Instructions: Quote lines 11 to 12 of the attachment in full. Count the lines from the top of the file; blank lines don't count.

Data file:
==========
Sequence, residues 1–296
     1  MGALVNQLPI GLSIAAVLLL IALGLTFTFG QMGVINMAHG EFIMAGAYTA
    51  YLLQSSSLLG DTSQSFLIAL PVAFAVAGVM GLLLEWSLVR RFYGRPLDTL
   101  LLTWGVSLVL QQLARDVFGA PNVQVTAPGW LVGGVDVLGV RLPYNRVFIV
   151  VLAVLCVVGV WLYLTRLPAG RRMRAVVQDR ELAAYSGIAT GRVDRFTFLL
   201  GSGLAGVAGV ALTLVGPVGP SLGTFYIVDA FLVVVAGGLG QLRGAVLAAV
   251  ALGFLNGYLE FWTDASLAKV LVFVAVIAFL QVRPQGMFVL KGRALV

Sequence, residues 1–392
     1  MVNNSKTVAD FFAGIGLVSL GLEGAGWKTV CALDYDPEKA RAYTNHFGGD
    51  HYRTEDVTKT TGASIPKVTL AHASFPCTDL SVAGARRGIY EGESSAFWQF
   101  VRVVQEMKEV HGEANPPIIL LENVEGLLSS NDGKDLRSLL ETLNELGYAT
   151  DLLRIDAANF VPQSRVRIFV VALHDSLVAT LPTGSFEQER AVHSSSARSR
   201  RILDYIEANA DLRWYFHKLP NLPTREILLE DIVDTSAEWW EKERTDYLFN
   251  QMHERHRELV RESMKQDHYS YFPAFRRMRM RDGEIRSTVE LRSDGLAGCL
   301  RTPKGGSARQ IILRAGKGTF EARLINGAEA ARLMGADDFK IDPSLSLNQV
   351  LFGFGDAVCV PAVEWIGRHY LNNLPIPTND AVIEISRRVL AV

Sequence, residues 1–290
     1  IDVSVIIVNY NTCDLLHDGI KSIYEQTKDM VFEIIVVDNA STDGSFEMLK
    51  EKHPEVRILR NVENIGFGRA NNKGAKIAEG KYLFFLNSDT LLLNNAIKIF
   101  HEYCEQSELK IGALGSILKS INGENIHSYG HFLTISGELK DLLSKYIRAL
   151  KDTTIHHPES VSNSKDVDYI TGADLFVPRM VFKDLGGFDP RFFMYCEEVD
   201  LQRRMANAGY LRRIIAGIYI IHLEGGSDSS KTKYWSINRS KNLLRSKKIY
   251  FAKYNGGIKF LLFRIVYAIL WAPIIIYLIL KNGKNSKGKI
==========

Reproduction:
   101  VRVVQEMKEV HGEANPPIIL LENVEGLLSS NDGKDLRSLL ETLNELGYAT
   151  DLLRIDAANF VPQSRVRIFV VALHDSLVAT LPTGSFEQER AVHSSSARSR